something was going on, so he referred us to genetics at Childrens Hospital and to an Ears, Nose and Throat doctor at Childrens

Q and A
We saw the Ears, Nose and Throat doctor first. He was the first one who told us he thought it was MPS. The genetics doctor did
further testing and confirmed that she had MPS 1, Hurler Syndrome.

How many doctors does Jessica have?

Jessica has lots of doctors and medical practioners-18 of them! Here they are:

Eyes - Dr. Lyons

Eyes - Dr. Matsuba
Ears - Dr. Kozak
Feet - Dr. Beauchamp
Knees and Feet - Dr. Cooper
Hands and Fingers - Dr. Verchere
Hips, Neck and Spine - Dr. Miyanji
Heart - Dr. Human
Lungs - Dr. Seear
Respiratory - Dr. Wensley
Oncologist - Dr. Davis
Genetics - Dr. Clarke

13. Pediatrician - Dr. Phang

14. Psychologist - Dr. Stanford
15. Orthodontist - Dr. Loo
Family Doctor - Dr. Izen
17. Endocrinologist - Dr. Stewart
18. Audiologist - Michelle

Q and A
At which facilities does Jessica see doctors or other health care practitioners?
Most of them are at Childrens Hospital. These are the ones that are not at the hospital:
-family doctor private office on Broadway in Vancouver.
-pediatrician private office on Broadway in Vancouver
-audiologist North Delta Public Health Unit, 11245 84 Ave, Delta
-eye doctor at Sunnyhill (which is associated with Childrens Hospital and will be located at the hospital when the new hospital is

How many surgeries has Jessica had?

Jessica has had 21 surgeries and a bone marrow transplant. The full detailed list is at the end of this email, but here is a summary of
her surgeries:

Q and A

Corneal transplants on both eyes;

Hip reconstruction on both hips;
Installation of metal clips and plates in both her knees and in both her feet;
Lengthening of her Achilles heels (both sides)
Multiple hand surgeries trigger fingers, carpal tunnel;
Multiple sets of ear tubes; and
Insertion and removal of a PIC line and a VAD (vascular access device), which were needed for her bone marrow

What kind of adaptations has Jessica had to make?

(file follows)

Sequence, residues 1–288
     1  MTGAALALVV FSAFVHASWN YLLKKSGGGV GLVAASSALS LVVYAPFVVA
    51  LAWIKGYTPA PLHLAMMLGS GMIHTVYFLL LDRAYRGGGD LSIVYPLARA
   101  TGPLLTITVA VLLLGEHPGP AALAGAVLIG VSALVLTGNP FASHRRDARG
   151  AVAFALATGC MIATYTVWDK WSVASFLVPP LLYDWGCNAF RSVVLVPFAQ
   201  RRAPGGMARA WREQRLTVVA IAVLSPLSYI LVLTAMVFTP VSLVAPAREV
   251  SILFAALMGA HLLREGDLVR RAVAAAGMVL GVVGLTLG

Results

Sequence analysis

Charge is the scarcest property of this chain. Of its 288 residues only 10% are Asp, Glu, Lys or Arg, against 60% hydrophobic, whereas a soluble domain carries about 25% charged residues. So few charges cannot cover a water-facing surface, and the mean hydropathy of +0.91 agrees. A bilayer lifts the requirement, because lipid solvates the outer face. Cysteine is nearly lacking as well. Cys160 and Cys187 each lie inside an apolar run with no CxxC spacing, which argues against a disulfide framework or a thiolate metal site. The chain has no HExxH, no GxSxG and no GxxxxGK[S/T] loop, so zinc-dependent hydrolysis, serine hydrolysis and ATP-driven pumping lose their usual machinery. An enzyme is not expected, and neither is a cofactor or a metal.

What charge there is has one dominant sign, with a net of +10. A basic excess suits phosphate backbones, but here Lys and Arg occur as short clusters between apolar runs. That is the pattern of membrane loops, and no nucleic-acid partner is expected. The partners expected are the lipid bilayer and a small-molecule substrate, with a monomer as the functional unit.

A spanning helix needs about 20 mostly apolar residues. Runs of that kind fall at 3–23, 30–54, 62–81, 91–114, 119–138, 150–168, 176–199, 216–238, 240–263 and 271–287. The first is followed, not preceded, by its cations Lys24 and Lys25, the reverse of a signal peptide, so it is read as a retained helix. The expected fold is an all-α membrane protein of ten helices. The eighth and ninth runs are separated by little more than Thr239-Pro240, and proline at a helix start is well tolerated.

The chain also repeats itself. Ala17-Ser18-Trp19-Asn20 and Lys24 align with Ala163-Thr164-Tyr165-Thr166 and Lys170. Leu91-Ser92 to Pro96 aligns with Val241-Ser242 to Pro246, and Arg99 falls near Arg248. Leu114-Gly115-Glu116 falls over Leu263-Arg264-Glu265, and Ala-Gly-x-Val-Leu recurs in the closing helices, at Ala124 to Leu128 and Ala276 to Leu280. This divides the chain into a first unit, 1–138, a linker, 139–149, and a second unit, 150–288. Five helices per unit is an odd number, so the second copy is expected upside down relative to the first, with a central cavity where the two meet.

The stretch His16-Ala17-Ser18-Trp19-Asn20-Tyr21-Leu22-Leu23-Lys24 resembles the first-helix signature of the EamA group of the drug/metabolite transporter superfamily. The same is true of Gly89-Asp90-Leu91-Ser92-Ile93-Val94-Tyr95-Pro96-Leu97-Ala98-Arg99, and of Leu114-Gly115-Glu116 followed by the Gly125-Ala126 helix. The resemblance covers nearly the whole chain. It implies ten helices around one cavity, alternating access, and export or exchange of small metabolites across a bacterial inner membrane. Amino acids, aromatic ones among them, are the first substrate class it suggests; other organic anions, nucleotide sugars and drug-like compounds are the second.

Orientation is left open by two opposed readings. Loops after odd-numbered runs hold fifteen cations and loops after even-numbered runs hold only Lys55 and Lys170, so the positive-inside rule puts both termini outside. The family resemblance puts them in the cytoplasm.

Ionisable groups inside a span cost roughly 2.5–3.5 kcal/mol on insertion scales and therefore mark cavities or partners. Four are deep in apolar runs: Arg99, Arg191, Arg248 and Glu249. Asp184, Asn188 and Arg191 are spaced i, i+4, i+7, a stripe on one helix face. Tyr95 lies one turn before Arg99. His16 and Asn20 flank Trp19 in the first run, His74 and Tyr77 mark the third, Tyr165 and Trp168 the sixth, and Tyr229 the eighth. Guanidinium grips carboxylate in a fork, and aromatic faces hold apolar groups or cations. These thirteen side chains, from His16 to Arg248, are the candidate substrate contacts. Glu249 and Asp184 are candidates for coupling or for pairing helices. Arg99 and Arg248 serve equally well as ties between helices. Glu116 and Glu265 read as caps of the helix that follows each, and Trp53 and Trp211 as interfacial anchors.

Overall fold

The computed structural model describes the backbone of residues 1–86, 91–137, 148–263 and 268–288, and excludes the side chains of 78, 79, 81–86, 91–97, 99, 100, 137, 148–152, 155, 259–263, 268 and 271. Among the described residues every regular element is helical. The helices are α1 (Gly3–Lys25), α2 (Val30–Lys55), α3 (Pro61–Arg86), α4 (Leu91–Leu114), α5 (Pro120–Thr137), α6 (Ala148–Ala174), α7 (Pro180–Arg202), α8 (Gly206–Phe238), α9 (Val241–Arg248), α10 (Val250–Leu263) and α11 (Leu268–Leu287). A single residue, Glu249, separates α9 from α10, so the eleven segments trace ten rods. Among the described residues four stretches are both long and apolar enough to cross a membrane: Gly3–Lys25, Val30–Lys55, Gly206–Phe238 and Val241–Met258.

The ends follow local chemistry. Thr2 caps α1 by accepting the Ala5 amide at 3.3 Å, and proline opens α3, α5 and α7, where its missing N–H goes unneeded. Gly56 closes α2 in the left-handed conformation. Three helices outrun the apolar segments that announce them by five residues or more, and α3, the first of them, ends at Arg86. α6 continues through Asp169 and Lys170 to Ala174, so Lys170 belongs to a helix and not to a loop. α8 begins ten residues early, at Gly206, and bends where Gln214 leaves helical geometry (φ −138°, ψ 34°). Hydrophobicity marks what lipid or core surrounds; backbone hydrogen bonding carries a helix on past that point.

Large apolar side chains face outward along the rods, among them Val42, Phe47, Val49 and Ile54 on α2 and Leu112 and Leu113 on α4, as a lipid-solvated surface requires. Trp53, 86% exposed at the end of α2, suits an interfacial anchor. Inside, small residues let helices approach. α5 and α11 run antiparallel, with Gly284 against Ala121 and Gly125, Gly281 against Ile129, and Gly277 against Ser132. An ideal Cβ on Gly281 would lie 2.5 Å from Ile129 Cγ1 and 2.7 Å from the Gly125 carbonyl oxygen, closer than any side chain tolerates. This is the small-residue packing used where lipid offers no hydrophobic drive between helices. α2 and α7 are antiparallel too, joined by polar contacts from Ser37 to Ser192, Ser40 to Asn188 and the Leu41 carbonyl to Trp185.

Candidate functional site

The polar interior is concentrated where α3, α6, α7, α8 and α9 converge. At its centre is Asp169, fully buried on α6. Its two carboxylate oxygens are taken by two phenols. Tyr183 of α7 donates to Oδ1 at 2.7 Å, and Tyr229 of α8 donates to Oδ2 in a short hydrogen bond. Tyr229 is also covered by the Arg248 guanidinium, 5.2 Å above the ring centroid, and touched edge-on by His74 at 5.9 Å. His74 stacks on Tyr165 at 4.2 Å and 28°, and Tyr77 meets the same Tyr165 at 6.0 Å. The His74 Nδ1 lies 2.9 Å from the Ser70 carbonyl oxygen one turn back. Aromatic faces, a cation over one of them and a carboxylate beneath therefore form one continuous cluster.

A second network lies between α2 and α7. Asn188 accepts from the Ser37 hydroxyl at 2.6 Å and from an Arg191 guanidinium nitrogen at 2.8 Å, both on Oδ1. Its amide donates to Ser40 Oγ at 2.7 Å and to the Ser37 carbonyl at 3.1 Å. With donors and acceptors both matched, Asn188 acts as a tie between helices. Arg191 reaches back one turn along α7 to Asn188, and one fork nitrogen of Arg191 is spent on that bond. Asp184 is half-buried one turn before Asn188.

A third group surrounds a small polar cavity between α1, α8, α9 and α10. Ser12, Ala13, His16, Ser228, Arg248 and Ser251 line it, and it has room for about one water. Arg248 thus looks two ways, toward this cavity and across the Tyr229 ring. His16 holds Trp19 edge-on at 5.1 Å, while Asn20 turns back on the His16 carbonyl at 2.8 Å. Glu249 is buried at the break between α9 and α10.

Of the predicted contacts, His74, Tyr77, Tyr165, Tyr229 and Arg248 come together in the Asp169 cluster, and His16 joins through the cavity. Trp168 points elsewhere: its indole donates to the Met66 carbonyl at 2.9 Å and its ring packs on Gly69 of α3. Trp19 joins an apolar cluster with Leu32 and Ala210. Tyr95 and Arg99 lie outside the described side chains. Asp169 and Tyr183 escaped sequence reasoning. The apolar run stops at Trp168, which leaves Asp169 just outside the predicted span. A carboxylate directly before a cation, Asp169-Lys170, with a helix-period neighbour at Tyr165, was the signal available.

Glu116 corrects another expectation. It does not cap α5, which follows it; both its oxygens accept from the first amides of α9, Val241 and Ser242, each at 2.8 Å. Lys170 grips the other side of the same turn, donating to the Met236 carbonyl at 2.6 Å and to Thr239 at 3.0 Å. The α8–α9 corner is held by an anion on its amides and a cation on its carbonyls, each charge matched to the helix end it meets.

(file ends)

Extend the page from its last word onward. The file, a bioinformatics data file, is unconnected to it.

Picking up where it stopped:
a. Vision:
MPS causes visual impairment. Jessica was legally blind for much of her life until her corneal transplants. School adaptations were
required for the visual impairment. For example, she used a laptop computer and a camera. She could point the camera at the board
and the picture would appear on her computer and she could enlarge it. Now that she has had the corneal transplants she no longer
needs the camera. However, she still needs enlarged print. She is provided with large print textbooks and reading books. If they are
working on worksheets, they are also enlarged. Other adaptations include ensuring that she is not sitting where a lot of bright sun
comes in the window and sitting close to the front of the classroom.

Q and A
b. Hearing:
MPS also causes hearing impairment. Jessica wears a hearing aid in her left ear. She uses an FM system at school this is where
her teacher wears a microphone and Jessica has an attachment for her hearing aid in her left ear, and a separate ear piece for her
right ear, and the teachers voice goes directly into her ears. She also has an EA at school who ensures that Jessica hears all
instruction properly.
c. Fingers and Hands:
MPS causes carpal tunnel syndrome, and trigger fingers, and curved fingers. This makes it difficult for Jessica to do lots of
writing/printing. Jessica uses a laptop and an ipad at school when she has to do lots of writing. As she gets older, she will probably
use a program that converts speaking to text. She also requires extra time during tests.
d. Walking/Running
MPS causes bone and joint problems. This makes it difficult for Jessica to run and to walk long distances. She uses a wheelchair if
the distance is too great.
e. Gym
Jessicas physical limits make it difficult for her to do gym depending on the particular activity, she does not participate in gym.
f. Recess/Lunch
Jessicas corneal transplants makes her eyes vulnerable. If she were to get hit in the eye, with a ball, or something else, she could
lose the cornea. As a result of this, and because of her other physical limitations, she stays inside at lunch and recess.
g. Fatigue
Jessica sometimes experiences fatigue at school. Her school has a haven a sensory room with a couch where she can have a rest
when needed.

Q and A